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Real estate heir Robert Durst recalled in court this week how he wore a wig to hide from Jeanine Pirro after she announced her plans to reinvestigate his wife’s disappearance.
Durst, 78, is currently on trial for the 2000 murder of Susan Berman. Prosecutors say he shot her execution-style because she had information about the disappearance of Kathleen McCormack Durst, Durst's first wife, who vanished from New York's Westchester County in 1982. While her body was never found, she was declared legally dead in 2017.
Two months before Berman was shot, Pirro, who was then district attorney for Westchester County, announced that she planned to reopen the case.
“I’m going to get Robert Durst one way or another,” Pirro said, Durst recounted on the stand Thursday during his third day of testimony this week, the Daily Beast reports.
He testified that he fled to Texas where he bought a wig and hid out in a cheap apartment in Galveston. There, he disguised himself as a mute woman.
“I was hiding from Jeanine Pirro,” Durst told the court.
Pirro went on to become a conservative television host and author.
Just months after Berman's murder, Durst shot his Galveston neighbor Morris Black to death before disposing of his dismembered remains in Galveston Bay. Durst claimed he shot Black in self-defense. The millionaire was acquitted of murder in that case and during the trial, his well-paid defense painted Pirro as a villain who had a personal vendetta against Durst, the 2015 HBO docuseries "The Jinx” showed. During that trial, where Durst also brazenly took the stand, he claimed he eventually stopped wearing a disguise around Black and that the two were like best friends before his death.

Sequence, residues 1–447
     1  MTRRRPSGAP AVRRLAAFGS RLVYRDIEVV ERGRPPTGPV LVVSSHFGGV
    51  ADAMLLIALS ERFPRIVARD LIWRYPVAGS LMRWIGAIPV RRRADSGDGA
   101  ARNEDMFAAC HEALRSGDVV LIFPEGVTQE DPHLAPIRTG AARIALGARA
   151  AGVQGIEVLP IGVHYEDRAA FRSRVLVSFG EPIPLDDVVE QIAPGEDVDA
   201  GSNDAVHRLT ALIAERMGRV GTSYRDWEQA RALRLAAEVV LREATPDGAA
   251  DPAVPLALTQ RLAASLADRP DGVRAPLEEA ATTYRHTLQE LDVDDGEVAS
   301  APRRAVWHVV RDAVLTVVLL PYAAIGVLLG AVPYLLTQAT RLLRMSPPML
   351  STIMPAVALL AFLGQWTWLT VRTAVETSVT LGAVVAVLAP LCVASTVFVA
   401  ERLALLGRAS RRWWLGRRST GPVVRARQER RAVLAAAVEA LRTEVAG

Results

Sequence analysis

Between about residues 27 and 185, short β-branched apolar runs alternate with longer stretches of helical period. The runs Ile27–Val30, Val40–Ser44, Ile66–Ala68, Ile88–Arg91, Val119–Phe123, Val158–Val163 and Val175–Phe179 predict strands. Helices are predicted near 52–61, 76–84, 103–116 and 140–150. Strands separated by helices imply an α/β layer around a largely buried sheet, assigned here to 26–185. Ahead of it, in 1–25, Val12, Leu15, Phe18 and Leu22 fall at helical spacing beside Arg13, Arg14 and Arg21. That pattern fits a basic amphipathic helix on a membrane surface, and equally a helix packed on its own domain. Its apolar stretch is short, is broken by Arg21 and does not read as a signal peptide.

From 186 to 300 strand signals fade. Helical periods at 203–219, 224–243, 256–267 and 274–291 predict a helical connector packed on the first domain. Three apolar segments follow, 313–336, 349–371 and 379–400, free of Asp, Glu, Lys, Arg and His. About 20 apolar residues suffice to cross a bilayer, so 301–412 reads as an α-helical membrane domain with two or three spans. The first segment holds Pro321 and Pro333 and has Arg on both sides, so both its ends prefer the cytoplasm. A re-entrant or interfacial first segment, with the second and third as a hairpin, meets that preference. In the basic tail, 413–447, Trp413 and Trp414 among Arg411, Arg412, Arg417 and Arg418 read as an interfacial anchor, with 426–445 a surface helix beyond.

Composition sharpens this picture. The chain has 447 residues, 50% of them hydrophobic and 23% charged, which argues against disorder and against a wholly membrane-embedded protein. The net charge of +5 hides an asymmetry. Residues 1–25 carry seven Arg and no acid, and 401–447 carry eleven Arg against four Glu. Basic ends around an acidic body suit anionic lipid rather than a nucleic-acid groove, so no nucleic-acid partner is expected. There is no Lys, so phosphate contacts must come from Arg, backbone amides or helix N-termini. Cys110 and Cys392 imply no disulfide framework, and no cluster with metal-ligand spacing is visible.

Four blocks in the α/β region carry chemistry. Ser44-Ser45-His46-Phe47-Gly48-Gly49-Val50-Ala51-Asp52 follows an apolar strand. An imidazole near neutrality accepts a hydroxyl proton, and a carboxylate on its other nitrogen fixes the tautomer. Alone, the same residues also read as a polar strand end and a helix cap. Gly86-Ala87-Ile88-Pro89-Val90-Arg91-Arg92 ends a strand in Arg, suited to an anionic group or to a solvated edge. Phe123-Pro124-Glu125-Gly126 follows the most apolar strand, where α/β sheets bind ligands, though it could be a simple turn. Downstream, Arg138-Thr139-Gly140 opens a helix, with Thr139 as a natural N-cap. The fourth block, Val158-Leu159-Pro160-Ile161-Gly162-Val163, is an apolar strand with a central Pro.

Durst ultimately pleaded guilty to tampering with evidence and bail jumping a year later. When he was arrested for skipping bail, he had taken on another disguise: he shaved his hair and eyebrows to avoid being recognized. He was sentenced to five years with credit for time served. He was paroled in 2005.
Durst testified on Wednesday that he lied to police in 1982 about the night his wife vanished. He'd told police that he last saw Kathleen getting on a Manhattan-bound commuter train and that they spoke over the phone when she arrived at her apartment in New York City. He admitted that he hadn't actually seen Kathleen get on the train and that he made up their subsequent phone conversation in order to get the police off his back.
“That was a lie,” Durst testified. “I wanted to convince [the detective] that Kathie had gotten back.”
Durst has never been charged with Kathleen’s death and has long denied having anything to do with her disappearance. Prosecutors have been allowed to present evidence during the Berman trial that they argue implicates Durst in Kathleen's death. They allege he then murdered his confidante Berman because she was about to divulge what she knew about the killing.
This week marks the 11th week of the trial. While it began in March of 2020, it was postponed for 14 months due to the ongoing COVID-19 pandemic. The prosecution rested its case last week. Before doing so, they put Durst’s own brother on the stand who testified that he feared Durst wanted to kill him.
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